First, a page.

Dr. D. had mentioned to his friend on the phone that the two of us are on a plant-based diet but I never like to make a big deal out of it when eating out. As always, I checked out the menu ahead of time to see if there was something the kitchen could convert into a vegan dish.
As soon as we sat down, the wife asked me why I’m vegan. I told her I do it for the animals to which she responded, “so you don’t feel any better?”. I felt like I was being baited but smiled and answered, “I feel better knowing I’m not harming any animals.”
“What about eggs? Nothing dies when a chicken lays an egg,” she challenged, laughing.
“Have you ever wondered what happens to the male chicks?” I said, with a smile. Always with a smile.
With that, she put up her hand signaling me to stop talking about it. So I stopped.
She ordered the veal.
I said nothing.
She raved about the porterhouse steak she had at another restaurant.
I said nothing.
Despite the fact that I was put on the spot and had my beliefs belittled and challenged, she continued to ask questions in a very offensive way. I answered her questions without defensiveness naively assuming she was truly interested in the answers.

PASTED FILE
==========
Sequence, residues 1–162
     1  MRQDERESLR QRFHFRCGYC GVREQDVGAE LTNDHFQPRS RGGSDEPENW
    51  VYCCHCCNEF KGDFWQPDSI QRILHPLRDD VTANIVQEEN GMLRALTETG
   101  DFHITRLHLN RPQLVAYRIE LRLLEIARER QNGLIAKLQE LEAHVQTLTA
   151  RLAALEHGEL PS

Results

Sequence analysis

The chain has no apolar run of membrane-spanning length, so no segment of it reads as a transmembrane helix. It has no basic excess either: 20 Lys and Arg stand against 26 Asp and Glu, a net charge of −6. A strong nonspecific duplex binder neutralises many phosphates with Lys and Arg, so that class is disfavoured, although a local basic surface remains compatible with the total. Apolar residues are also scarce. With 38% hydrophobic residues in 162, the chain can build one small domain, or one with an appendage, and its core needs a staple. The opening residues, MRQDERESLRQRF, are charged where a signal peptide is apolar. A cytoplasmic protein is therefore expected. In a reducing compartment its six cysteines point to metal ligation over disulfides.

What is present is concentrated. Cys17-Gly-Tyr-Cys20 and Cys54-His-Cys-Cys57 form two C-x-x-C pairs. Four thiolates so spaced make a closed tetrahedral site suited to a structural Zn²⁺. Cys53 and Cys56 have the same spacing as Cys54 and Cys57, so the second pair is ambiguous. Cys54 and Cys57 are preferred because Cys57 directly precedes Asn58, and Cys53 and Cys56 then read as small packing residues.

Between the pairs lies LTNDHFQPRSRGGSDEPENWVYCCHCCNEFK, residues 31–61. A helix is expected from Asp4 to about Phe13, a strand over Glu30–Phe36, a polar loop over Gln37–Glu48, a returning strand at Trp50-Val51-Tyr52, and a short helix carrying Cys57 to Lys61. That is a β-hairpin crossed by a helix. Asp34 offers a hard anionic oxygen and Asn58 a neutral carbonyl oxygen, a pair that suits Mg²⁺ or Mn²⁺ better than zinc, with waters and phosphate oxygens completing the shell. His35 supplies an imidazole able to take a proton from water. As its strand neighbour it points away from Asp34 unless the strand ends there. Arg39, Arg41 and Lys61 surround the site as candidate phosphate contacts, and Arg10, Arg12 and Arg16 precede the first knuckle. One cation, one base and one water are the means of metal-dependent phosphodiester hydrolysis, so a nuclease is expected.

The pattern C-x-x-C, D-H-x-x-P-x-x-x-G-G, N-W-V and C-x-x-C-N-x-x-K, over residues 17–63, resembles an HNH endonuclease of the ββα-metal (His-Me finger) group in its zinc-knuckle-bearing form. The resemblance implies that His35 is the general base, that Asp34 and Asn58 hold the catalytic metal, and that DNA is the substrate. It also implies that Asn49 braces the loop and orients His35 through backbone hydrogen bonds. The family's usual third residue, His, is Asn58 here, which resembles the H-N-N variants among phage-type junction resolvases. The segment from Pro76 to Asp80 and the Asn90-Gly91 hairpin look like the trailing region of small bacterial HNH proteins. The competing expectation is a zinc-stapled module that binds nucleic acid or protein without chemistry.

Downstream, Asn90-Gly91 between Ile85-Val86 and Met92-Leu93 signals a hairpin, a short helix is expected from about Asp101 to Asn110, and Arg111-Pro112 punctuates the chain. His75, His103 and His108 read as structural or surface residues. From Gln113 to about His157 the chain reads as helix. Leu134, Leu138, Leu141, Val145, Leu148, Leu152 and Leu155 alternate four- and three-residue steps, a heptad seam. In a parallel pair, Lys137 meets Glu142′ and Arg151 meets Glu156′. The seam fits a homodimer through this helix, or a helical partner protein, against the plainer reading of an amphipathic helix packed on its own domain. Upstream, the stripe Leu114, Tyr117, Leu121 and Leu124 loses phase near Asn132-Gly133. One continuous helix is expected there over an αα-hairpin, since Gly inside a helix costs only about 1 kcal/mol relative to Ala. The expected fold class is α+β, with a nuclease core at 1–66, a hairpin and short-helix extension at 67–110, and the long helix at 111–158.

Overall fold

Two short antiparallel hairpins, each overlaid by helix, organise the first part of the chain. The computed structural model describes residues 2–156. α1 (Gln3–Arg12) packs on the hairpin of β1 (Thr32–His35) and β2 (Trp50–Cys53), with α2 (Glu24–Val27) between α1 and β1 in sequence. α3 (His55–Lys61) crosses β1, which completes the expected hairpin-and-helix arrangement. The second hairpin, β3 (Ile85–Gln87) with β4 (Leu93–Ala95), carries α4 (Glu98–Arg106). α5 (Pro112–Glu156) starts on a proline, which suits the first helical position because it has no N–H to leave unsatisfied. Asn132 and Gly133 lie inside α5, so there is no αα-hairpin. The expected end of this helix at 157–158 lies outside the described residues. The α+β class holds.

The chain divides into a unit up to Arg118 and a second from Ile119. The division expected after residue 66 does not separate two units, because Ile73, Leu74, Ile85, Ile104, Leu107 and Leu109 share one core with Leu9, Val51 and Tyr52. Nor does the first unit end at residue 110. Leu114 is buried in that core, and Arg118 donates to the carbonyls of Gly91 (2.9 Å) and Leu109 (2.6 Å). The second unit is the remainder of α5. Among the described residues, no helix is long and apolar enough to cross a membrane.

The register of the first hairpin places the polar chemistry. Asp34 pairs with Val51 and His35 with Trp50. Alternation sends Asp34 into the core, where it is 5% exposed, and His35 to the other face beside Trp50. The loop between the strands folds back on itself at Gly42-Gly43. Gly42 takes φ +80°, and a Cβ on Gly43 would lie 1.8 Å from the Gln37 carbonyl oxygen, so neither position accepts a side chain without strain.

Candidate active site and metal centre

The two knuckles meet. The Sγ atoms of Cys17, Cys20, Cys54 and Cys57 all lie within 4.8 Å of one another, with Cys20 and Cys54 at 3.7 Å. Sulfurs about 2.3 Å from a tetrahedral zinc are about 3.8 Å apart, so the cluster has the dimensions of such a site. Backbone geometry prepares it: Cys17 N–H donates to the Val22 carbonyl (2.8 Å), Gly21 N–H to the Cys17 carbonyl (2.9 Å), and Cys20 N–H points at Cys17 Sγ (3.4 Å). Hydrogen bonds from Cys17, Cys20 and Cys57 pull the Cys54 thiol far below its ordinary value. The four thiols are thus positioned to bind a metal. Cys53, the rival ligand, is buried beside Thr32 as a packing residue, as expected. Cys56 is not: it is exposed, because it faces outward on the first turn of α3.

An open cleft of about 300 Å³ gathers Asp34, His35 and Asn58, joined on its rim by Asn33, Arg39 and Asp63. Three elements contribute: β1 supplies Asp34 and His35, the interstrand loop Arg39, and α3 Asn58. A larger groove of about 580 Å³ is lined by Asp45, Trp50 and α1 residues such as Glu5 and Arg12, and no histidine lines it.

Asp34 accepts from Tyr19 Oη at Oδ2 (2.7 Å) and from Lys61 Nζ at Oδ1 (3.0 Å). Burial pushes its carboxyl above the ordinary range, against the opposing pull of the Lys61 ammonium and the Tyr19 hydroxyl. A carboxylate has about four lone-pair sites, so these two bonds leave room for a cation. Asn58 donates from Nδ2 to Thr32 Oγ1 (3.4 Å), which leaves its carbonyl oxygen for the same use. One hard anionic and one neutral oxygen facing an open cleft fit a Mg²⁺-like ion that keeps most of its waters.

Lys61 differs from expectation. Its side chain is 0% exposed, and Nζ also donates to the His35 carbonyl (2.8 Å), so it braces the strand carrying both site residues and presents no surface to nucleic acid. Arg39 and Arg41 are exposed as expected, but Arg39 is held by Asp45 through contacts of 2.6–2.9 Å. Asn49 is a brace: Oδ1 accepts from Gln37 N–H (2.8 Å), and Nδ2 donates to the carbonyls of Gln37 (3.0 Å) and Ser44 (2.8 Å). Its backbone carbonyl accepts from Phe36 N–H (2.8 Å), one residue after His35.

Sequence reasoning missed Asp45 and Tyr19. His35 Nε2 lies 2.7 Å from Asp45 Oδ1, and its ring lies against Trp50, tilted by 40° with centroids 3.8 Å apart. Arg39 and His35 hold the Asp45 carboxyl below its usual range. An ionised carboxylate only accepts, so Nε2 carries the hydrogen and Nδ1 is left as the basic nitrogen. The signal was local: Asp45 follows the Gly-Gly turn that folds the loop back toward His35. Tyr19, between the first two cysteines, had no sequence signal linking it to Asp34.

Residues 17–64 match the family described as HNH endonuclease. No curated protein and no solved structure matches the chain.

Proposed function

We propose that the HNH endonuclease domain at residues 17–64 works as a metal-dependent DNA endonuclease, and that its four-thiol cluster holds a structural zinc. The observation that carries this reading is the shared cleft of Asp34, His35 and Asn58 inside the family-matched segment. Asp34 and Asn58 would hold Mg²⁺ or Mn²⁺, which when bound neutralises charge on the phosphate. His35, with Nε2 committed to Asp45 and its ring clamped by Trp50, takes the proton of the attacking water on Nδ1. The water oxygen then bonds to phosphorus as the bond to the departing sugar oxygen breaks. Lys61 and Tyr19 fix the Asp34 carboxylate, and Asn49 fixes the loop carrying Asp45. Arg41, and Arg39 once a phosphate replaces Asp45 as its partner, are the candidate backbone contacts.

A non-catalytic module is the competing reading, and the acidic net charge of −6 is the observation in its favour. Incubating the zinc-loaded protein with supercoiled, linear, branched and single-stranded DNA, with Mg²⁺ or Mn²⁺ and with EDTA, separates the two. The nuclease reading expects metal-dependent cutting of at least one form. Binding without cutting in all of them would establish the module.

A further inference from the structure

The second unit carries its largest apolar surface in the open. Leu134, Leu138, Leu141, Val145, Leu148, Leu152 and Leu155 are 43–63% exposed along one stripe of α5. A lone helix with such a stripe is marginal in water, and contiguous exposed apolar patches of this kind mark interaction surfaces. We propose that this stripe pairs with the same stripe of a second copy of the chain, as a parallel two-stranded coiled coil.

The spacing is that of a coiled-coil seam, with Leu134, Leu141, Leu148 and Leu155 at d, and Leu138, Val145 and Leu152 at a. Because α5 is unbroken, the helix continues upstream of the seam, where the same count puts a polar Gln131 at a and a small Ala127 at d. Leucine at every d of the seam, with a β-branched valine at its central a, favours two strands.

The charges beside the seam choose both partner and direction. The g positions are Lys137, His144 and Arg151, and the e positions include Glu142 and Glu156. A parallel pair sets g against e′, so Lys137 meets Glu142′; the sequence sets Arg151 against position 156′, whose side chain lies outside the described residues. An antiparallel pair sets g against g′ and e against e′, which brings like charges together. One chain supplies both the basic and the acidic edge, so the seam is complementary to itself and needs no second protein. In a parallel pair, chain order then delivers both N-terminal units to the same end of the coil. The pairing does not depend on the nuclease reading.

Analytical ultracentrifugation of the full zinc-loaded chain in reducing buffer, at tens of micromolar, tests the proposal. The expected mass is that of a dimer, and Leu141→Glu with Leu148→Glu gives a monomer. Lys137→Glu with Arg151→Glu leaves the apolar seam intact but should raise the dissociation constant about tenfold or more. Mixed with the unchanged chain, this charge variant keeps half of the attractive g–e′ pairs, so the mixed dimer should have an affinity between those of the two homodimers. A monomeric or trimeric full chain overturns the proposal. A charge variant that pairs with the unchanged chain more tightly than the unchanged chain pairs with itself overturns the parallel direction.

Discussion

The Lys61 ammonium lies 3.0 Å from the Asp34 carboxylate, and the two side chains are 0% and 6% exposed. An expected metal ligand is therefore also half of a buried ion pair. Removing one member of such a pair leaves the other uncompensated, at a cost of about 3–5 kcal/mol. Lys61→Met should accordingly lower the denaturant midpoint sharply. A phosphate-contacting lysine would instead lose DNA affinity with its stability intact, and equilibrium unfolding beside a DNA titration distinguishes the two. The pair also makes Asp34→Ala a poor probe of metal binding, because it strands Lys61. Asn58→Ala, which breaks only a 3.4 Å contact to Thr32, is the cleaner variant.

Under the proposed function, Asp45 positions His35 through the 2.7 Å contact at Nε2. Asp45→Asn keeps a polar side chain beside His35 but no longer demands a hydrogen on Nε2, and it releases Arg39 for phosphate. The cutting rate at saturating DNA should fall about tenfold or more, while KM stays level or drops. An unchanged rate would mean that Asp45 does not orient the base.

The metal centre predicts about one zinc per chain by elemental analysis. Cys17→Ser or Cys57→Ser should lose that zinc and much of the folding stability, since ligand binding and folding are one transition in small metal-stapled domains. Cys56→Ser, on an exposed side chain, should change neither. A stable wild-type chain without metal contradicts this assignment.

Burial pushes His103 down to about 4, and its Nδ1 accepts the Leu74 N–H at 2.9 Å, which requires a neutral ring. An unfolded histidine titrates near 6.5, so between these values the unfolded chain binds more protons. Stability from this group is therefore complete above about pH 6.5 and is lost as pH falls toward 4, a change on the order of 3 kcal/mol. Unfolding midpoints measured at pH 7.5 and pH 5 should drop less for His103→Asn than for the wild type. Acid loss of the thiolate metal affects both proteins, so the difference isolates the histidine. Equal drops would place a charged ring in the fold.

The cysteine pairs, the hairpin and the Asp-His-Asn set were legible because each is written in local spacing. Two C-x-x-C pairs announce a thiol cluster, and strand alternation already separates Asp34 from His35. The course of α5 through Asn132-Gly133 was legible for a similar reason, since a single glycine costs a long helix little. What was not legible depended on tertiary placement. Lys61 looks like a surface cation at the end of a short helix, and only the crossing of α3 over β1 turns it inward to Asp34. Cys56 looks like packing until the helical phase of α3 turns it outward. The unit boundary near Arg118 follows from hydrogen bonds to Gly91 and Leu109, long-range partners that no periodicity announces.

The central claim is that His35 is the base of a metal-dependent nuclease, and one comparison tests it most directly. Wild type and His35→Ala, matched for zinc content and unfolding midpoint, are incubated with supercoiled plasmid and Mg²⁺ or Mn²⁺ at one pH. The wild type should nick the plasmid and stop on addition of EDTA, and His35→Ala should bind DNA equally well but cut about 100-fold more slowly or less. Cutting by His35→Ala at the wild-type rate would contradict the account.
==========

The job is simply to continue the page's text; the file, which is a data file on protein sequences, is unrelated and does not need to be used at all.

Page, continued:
She heard nothing.
It was toward the end of the night (after the last series of questions) when she snapped at me that and told me everyone had a right to make their own food choices and she didn’t need someone shoving their views down her throat.
I could no longer say nothing. I calmly and quietly responded with a smile. Always with a smile.
“I’m not shoving my views down your throat. If you’re feeling uncomfortable with the answers I’m giving you perhaps it’s because I’m touching a compassionate part of you you’ve forgotten about.”
Everyone said nothing.
That’s when the dinner ended.
I had an eye-opening experience last night when Dr. D. and I went to dinner with his friend and his friend’s wife. I looked forward to getting to know them and actually was the one who suggested inviting them out to dinner.